When searching for a role or starting your career in the tech industry, you’ll typically find bulleted information on a company’s job description, benefits and culture. We want to go a step beyond and give you insight from a real CA employee. This profile of Oliver Sims III, Sr. Director, Presales, is part of our careers blog series “A Day in The Life At CA”.
In his role at CA, Oliver helps internal and external customers get to the heart of their issues, and then enables a solution. As a leader in the Mainframe Presales organization, he and his team are at the center of sales opportunities that are not only are significant in value and scope, but are onramps for positioning CA as a go-forward partner. Internally, he has worked to nurture an impactful relationship with the Product organization – one that pay dividends for both sides.
Outside of CA, Oliver is an advisor and angel investor for minority startup companies, and serves on several boards including the Sam Walton College of Business Diversity and Inclusion Board, the Walton Colleges Deans Advisory Council, HackMy Future, Joyful Giver and the Community Empowerment Council (CEC) in his hometown of Pine Bluff, Arkansas. He is passionate about the mentorship of African American and other employees at CA, and creating a culture of inclusion, diversity and gender parity.
We asked Oliver a few questions on how he helps eliminate barriers, both at work and in the community. Here’s what he had to say.
How do you contribute to eliminating the barriers between ideas and outcomes for CA customers?
I believe most barriers are imagined and can be overcome with intellect and determination. Ideas are the beginning of all things and can come from anyone.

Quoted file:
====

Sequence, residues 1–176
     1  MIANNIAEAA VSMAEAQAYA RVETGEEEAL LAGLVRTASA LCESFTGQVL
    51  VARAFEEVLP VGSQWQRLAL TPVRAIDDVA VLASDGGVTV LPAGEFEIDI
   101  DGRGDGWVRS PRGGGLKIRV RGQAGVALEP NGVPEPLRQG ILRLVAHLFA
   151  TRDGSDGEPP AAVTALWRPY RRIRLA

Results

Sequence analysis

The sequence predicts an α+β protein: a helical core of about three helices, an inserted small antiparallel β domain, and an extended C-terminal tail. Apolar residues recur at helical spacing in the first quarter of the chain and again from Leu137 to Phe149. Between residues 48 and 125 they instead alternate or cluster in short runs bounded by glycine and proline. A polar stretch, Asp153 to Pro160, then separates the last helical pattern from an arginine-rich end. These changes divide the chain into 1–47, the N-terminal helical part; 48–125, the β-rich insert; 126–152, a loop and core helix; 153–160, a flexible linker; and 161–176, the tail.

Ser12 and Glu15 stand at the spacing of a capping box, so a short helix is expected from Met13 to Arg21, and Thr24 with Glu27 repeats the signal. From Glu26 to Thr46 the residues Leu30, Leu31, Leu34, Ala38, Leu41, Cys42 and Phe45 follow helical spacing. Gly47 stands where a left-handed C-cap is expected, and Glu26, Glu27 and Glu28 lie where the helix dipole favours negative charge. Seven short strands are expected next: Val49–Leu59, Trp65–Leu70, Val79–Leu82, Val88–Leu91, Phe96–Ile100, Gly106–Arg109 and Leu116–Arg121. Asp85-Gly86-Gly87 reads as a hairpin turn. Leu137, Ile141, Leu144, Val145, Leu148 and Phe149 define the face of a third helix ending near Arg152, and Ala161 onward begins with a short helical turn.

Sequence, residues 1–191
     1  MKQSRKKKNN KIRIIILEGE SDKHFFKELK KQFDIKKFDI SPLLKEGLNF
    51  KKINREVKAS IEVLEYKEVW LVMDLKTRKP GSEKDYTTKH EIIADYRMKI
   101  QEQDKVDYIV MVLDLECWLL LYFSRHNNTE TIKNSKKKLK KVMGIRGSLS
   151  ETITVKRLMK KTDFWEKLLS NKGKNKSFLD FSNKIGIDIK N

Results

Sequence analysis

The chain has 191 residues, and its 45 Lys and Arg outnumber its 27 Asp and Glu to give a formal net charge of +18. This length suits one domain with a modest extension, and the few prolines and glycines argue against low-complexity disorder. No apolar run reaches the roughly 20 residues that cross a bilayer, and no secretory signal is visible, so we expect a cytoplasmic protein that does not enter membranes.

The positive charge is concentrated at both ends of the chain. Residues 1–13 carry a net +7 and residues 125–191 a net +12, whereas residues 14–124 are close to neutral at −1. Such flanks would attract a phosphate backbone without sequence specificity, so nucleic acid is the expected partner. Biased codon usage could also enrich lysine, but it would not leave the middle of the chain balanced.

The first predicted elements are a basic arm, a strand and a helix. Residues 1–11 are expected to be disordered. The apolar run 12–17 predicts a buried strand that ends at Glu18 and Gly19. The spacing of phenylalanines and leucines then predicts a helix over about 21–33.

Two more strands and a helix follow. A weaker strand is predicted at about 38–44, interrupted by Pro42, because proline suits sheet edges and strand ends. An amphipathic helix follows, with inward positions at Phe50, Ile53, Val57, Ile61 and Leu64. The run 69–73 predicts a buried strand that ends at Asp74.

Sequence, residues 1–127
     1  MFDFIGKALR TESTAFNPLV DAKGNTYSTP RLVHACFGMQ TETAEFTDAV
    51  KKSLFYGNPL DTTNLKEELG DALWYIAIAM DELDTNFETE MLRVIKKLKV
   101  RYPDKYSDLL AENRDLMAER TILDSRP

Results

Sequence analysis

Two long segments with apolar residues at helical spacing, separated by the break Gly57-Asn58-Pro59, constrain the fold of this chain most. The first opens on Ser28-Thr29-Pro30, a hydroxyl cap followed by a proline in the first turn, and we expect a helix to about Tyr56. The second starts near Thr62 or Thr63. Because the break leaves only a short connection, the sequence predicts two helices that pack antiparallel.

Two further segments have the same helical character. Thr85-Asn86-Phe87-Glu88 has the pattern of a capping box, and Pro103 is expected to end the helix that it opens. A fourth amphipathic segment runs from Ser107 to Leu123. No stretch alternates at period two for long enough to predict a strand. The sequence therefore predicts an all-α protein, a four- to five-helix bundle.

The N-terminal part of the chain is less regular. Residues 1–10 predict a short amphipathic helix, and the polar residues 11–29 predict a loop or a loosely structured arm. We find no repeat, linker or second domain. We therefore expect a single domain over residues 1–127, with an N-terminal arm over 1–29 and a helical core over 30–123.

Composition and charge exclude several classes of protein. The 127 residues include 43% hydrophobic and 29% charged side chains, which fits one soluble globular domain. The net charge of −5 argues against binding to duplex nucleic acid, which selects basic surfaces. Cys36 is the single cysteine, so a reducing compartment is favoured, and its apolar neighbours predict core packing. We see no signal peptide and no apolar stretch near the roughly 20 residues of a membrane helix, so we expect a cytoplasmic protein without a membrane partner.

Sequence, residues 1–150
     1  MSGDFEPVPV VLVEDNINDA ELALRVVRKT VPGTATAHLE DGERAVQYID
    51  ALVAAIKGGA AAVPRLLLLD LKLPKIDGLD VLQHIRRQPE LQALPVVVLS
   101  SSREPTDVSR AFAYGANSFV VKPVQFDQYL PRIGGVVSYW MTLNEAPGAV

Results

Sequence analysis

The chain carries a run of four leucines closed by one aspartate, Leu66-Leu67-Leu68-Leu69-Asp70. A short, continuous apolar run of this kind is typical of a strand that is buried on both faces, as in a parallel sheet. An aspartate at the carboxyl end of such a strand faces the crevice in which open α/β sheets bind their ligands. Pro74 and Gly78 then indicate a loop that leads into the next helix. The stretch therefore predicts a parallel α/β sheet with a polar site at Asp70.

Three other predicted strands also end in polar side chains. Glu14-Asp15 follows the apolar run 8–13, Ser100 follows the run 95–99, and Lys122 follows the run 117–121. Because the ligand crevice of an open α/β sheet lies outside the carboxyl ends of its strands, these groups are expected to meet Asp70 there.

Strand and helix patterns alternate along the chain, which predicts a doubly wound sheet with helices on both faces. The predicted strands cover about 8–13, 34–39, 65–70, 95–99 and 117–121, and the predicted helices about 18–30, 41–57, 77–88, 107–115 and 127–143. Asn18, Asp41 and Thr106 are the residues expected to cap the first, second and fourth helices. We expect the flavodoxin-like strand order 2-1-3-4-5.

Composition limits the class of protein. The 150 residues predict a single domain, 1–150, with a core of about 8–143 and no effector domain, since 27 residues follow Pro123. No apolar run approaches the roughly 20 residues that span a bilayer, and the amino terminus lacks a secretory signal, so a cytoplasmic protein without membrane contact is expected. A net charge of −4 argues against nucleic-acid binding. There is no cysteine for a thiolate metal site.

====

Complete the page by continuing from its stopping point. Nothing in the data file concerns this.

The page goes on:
Why is it important that we all “bring what we bring” to contribute different and unique perspectives?
Experiences birth vantage points. The mere fact that every person has a different life story filled with unique experiences is clearly a signal that we’re all different. Those differences are valuable, especially when it comes to solving problems and creating new solutions.
Tell me a bit about how you’re bringing it outside of work with your recent appointment to the advisory board for the Office of Diversity and Inclusion at the University of Arkansas.
The University was a springboard for my career success, so I feel compelled to give back. Serving on the Office of Diversity and Inclusion Board allows me to assist in the design and execution of programs that positively impact the minority student population. A student’s success on campus is key to graduating, which is key to becoming a contributor to our economy and society, so we don’t stop with on campus success. We also help students gain meaningful experiences through mentorships, internships and the acquisition of softer skills that are important to gaining a job – and thriving in it.
What did you learn from this experience that adds to what you do at work every day?
Working with other professionals to solve problems, design initiatives and sell those to the staff sharpen the skills that I deploy daily at CA. Both boards are made up of talented individuals from diverse backgrounds, which provides an amazing opportunity for personal growth.
Why is it important to you that you’re making a difference – both at home and at work?
I feel the U.S. has vibrant and varied economic opportunities, yet still the level of poverty, blight, imprisonment and people who believe they don’t have a fair chance are trending the wrong direction. I’m aware of how fortunate I am, and I want to help others. I read See You at the Top by Zig Ziglar as a freshman at the University of Arkansas, and it greatly affected me. The premise is, if you help people get to where they want to go, you will, in turn, reach your own goals. Doing enriching work—for profit or not—breeds internal satisfaction that is difficult to match.